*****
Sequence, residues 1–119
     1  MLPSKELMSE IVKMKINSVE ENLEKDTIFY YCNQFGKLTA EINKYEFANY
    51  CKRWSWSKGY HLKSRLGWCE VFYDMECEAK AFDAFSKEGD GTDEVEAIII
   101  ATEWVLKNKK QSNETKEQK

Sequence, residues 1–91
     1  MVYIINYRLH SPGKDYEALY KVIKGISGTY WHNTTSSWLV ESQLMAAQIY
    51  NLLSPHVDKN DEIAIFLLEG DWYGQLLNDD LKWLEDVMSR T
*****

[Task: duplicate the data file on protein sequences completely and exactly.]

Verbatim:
Sequence, residues 1–119
     1  MLPSKELMSE IVKMKINSVE ENLEKDTIFY YCNQFGKLTA EINKYEFANY
    51  CKRWSWSKGY HLKSRLGWCE VFYDMECEAK AFDAFSKEGD GTDEVEAIII
   101  ATEWVLKNKK QSNETKEQK

Sequence, residues 1–91
     1  MVYIINYRLH SPGKDYEALY KVIKGISGTY WHNTTSSWLV ESQLMAAQIY
    51  NLLSPHVDKN DEIAIFLLEG DWYGQLLNDD LKWLEDVMSR T